Betterman v. Montana, 578 U.S. ___ (2016)

Issues: ,

Concurrence (Sotomayor)




No. 14?1457



on writ of certiorari to the supreme court of montana

[May 19, 2016]

Justice Sotomayor, concurring.

I agree with the Court that petitioner cannot bring a claim under the Speedy Trial Clause for a delay between his guilty plea and his sentencing. As the majority notes, however, a defendant may have ?other recourse? for such a delay, ?including, in appropriate circumstances, tailored relief under the Due Process Clauses of the Fifth and Fourteenth Amendments.? Ante, at 1. The Court has no reason to consider today the appropriate test for such a Due Process Clause challenge because petitioner has forfeited any such claim. See Tr. of Oral Arg. 19. I write separately to emphasize that the question is an open one.

The Due Process Clause is ?flexible and calls for such procedural protections as the particular situation demands.? Morrissey v. Brewer, 408 U.?S. 471, 481 (1972) . This Court thus uses different tests to consider whether different kinds of delay run afoul of the Due Process Clause. In evaluating whether a delay in instituting judicial proceedings following a civil forfeiture violated the Due Process Clause, the Court applied the test from Barker v. Wingo, 407 U.?S. 514 (1972) ?the same test that the Court applies to violations of the Speedy Trial Clause. See United States v. $8,850, 461 U.?S. 555, 564 (1983) . Under the Barker test, courts consider four factors?the length of the delay, the reason for the delay, the defendant?s assertion of his right, and prejudice to the defendant. Ibid. None of the four factors is ?either necessary or sufficient,? and no one factor has a ?talismanic qualit[y].? Barker, 407 U.?S., at 533.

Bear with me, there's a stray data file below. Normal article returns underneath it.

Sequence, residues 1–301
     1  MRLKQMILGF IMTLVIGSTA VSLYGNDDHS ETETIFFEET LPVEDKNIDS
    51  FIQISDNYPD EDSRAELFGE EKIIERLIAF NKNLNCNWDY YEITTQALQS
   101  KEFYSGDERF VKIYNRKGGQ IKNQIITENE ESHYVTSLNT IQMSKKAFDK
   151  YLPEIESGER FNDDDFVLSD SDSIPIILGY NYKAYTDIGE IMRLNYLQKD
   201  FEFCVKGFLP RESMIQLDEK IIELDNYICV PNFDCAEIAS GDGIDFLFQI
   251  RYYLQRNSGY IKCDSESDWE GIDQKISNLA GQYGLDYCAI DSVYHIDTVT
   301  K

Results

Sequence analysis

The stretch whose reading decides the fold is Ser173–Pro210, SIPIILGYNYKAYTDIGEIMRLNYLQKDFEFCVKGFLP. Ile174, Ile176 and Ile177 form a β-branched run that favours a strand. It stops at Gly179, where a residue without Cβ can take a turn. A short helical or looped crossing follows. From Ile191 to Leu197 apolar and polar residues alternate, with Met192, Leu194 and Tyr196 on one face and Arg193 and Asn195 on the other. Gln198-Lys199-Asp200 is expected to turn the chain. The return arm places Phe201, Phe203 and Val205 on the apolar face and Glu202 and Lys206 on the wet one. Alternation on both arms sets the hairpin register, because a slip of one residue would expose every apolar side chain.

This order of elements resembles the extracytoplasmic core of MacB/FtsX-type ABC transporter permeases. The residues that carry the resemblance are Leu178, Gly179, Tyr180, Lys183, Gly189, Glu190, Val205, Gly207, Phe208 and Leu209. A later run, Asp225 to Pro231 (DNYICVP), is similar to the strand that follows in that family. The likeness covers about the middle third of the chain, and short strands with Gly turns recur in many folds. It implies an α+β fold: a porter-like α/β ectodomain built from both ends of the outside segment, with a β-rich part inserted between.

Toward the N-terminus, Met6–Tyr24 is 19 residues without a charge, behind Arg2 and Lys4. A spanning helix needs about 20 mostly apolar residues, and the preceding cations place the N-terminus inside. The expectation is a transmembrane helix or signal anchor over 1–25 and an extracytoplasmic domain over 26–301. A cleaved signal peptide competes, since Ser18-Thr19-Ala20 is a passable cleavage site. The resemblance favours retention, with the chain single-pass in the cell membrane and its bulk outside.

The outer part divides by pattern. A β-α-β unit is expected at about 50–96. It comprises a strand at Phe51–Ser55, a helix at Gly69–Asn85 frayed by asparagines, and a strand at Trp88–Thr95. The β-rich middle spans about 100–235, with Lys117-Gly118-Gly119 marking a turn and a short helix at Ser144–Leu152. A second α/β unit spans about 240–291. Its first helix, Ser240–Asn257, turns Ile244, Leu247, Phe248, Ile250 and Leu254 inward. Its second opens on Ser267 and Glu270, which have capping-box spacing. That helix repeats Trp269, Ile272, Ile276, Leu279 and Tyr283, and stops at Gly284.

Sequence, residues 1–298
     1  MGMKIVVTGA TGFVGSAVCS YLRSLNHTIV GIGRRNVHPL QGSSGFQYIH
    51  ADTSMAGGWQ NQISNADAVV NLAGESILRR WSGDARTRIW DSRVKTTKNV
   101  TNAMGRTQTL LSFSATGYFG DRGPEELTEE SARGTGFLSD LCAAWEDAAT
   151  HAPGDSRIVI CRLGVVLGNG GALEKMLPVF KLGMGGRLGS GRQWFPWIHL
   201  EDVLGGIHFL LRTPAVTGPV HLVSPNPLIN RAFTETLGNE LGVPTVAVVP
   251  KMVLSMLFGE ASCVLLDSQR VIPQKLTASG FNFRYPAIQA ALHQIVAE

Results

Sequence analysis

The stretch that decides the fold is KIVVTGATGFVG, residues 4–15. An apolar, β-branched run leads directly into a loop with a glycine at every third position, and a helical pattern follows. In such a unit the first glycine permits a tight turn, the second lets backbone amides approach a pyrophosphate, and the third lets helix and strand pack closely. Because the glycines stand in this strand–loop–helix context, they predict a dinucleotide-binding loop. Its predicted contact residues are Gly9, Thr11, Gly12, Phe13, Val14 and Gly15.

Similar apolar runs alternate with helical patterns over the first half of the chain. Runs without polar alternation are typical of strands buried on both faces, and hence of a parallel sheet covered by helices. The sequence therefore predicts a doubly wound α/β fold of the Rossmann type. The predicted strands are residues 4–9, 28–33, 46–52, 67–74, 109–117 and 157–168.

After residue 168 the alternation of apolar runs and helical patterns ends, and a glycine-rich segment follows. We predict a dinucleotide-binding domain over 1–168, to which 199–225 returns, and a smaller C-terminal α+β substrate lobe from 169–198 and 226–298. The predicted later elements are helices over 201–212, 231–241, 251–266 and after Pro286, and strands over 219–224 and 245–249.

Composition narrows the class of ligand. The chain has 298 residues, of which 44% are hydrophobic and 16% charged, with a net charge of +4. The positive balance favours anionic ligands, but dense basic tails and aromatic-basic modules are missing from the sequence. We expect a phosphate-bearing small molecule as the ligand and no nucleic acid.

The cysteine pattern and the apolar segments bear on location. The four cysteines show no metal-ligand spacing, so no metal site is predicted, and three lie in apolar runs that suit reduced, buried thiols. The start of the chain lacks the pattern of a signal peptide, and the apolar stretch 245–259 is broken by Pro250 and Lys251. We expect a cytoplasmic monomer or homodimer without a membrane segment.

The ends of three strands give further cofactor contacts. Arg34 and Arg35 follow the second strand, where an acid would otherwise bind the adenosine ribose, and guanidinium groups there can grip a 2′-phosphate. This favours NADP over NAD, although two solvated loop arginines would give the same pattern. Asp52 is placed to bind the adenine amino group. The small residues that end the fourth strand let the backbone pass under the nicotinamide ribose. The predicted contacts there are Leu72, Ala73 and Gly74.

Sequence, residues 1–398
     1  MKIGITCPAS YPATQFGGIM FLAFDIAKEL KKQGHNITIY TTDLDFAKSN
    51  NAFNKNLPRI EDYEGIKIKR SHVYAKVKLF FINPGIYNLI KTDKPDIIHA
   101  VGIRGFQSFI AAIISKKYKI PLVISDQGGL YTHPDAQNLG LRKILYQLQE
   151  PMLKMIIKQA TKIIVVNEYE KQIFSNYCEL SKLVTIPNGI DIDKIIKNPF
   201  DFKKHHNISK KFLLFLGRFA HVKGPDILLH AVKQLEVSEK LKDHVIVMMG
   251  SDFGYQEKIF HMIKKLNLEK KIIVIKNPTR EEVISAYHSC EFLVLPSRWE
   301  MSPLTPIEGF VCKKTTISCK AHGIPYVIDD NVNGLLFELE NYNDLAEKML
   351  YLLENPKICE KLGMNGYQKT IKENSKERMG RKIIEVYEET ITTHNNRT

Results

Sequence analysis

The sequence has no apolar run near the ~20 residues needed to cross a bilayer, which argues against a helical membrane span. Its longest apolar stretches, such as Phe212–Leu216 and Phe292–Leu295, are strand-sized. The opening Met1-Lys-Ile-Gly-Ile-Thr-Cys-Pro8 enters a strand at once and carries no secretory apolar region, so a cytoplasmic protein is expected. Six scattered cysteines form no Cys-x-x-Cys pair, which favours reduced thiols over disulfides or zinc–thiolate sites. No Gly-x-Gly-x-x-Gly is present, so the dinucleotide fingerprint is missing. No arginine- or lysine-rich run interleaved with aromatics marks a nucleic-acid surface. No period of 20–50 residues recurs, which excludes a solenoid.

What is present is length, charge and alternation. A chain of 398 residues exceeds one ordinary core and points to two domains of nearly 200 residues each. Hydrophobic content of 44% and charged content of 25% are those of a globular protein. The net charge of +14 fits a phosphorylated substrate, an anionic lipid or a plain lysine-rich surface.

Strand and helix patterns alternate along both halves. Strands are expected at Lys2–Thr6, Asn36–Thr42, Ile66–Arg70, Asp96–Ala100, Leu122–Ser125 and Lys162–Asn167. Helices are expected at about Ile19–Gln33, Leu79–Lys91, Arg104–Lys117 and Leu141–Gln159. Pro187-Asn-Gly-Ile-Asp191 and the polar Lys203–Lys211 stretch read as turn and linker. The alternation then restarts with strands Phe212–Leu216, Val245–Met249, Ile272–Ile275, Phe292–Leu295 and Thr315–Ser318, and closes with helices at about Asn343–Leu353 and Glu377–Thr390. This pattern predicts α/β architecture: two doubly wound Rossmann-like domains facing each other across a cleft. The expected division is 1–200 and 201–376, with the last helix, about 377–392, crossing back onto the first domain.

The Montana Supreme Court did not use the Barker test in evaluating petitioner?s Due Process Clause claim. 378 Mont. 182, 193?194, 342 P.?3d 971, 979 (2015). But it seems to me that the Barker factors capture many of the concerns posed in the sentencing delay context and that because the Barker test is flexible, it will allow courts to take account of any differences between trial and sentencing delays. See 407 U.?S., at 531. The majority of the Circuits in fact use the Barker test for that purpose. See United States v. Sanders, 452 F.?3d 572, 577 (CA6 2006) (collecting cases).

In the appropriate case, I would thus consider the correct test for a Due Process Clause delayed sentencing challenge.